Cutting all trees

On Saturday civilians organized a protest demonstration on the Római Part (Roman Bank, named so after the ancient Roman settlement of Aquincum that extended here) in the north of Budapest, where the Danube enters the city. This tree-covered bank of the Danube is a natural floodplain for the annual flooding of the river, but in the last twenty years more and more investors have built houses and even hotels here illegally and with the tacit complicity of the district government. Now, as the head of this latter became Mayor of Budapest, he announced that a hundred million euro of public money will be poured in the building of a dam all along the Római for the protection of the same illegally built investments, which will lead to a total destruction of this last natural river bank within the city.

Those who do not know the Hungarian capital, will be probably surprised to notice that in a city with such a large river there is hardly any possibility to approach the coast. Even this last remnant  is rather neglected, nevertheless, along with so many others, I really love the Római.
Here you can walk down to the Danube, teach the kids to dap the stones, look for snail houses and shells, walk and swim the dog, go in kayak or canoe, meet friends, eat fried fish, dance in the music gardens, have a beer or a wine in a sun bed down at the coast, in the night watch the reflections of the illuminated boats, listen to the ensemble of Albert Márkos in the open restaurant Fellini, or mostly just watch the big, slow water. At once inside and outside the city, an easily available entertainment, even on a simple weekday evening.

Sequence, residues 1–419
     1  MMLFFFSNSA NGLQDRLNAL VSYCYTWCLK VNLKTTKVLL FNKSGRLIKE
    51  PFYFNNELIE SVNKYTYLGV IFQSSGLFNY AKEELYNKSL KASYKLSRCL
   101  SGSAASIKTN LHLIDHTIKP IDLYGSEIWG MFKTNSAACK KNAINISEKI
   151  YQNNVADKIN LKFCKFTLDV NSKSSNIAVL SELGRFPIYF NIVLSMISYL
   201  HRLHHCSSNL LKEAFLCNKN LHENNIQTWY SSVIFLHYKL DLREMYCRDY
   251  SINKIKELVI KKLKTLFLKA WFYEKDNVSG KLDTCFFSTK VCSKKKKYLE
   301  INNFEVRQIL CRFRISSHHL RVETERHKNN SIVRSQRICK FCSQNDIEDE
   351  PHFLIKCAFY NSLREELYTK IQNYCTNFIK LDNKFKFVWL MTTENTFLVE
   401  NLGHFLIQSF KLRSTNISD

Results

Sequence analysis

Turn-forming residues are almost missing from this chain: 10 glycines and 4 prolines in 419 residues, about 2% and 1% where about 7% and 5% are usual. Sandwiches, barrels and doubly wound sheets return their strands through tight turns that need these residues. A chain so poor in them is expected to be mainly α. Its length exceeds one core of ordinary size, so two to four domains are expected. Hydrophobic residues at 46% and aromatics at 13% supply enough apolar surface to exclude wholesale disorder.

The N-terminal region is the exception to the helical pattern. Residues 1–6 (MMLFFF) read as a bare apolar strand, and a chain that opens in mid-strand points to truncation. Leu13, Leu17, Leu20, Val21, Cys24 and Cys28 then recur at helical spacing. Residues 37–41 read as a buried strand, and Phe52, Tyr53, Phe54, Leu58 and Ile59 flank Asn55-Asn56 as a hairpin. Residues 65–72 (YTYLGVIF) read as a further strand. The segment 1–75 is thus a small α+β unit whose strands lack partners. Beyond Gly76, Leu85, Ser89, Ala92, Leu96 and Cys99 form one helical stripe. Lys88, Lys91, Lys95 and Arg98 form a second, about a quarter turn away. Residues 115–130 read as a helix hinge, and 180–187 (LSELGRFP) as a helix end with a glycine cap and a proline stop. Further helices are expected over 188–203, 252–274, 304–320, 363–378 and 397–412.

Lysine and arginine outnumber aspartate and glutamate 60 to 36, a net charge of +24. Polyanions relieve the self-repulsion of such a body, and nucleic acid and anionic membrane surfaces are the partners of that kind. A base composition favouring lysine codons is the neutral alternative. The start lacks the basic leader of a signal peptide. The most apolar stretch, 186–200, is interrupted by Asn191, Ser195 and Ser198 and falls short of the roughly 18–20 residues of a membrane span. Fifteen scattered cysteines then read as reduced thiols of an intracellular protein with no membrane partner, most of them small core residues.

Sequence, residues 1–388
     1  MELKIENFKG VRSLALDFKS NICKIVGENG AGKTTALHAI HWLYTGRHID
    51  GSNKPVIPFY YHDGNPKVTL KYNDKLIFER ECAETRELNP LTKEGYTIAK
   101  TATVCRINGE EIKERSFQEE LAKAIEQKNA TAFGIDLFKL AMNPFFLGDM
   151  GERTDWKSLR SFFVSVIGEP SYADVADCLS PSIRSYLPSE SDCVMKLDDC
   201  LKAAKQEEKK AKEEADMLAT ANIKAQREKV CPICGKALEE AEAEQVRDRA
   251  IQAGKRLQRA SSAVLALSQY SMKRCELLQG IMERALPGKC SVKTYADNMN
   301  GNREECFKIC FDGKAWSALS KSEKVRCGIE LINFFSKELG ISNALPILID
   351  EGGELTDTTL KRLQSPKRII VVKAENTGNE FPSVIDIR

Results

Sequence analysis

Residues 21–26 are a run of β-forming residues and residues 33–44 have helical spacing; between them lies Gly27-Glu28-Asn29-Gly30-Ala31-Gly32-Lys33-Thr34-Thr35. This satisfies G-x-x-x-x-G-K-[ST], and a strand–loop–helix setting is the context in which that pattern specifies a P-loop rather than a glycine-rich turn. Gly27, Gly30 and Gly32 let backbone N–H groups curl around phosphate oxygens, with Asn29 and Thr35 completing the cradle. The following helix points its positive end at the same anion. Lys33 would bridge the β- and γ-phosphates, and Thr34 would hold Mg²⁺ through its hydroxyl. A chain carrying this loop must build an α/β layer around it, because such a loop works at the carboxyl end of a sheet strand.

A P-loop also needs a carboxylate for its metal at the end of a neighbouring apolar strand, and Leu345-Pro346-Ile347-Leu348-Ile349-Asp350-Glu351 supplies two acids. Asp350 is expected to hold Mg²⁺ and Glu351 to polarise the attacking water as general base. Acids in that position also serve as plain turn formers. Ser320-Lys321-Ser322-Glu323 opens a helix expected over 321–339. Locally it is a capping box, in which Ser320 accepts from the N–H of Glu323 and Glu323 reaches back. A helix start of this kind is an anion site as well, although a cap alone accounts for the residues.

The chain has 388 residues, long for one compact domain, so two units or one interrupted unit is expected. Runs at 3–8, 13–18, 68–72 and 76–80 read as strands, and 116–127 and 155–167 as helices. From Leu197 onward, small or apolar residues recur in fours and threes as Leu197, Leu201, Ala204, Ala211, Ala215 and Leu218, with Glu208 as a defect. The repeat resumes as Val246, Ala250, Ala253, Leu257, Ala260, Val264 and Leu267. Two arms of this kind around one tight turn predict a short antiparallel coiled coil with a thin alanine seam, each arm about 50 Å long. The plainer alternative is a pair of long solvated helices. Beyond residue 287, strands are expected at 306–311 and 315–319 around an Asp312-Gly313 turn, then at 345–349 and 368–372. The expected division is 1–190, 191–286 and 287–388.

Lots of recreation facilities, with which such a powerful river enriches the inhabitants of the settlements along its coasts. Budapest has always taken a very poor advantage of what other cities, which manage their natural endowments in a smarter way, would just leap at.

We say thanks to the several thousands of people who indicated with their presence that they do not want this popular natural coastline being transformed as designed by the Major’s office in the interest of the properties built on the floodplain.

Literature on the topic, in Hungarian, non-exhaustive, and in the belief that the story is far from over:

– Facebook page of the Picnic for the Római Coast event, organized by the Protect the Future Association, the City and River Blog, and the Association of Hungarian Landscape Architects
– The community supporting the survival of the natural coastline: Let the trees rest in the Római
– A video of the portal Index on the demonstration (and counter-demonstration) of March 2
– A summary of the Danubian Islands blog on the demonstrations pro and against the building of the dam
– “A floating trunk can destroy the dam” – an article in NOL on the problems of the planned mobile dam
– Sándor Bardóczi’s article Requiem for the Római Coast in the Architects’ Forum
– A commentary on Mayor István Tarlós’ press conference, again by Sándor Bardóczi

Update: Recent developments on the Protect the Future Association’s site – the Mayor, three days after (!) passing the decision on the building of the dam promised that the city would nevertheless have prepared the still missing impact studies. I don’t think we are wrong to believe that this step was also influenced by the inhabitants of Budapest called together by the civil organizations.

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